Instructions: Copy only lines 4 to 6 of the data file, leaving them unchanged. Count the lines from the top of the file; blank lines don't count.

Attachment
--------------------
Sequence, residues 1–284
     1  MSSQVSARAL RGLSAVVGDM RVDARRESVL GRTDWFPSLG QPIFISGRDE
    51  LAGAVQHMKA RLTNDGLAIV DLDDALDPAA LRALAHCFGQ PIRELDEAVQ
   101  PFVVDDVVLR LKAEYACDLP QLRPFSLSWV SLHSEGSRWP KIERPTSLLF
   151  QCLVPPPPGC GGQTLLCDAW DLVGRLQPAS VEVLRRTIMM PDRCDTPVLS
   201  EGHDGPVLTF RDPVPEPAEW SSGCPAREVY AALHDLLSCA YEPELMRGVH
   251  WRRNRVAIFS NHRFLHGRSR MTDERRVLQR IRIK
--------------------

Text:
   101  PFVVDDVVLR LKAEYACDLP QLRPFSLSWV SLHSEGSRWP KIERPTSLLF
   151  QCLVPPPPGC GGQTLLCDAW DLVGRLQPAS VEVLRRTIMM PDRCDTPVLS
   201  EGHDGPVLTF RDPVPEPAEW SSGCPAREVY AALHDLLSCA YEPELMRGVH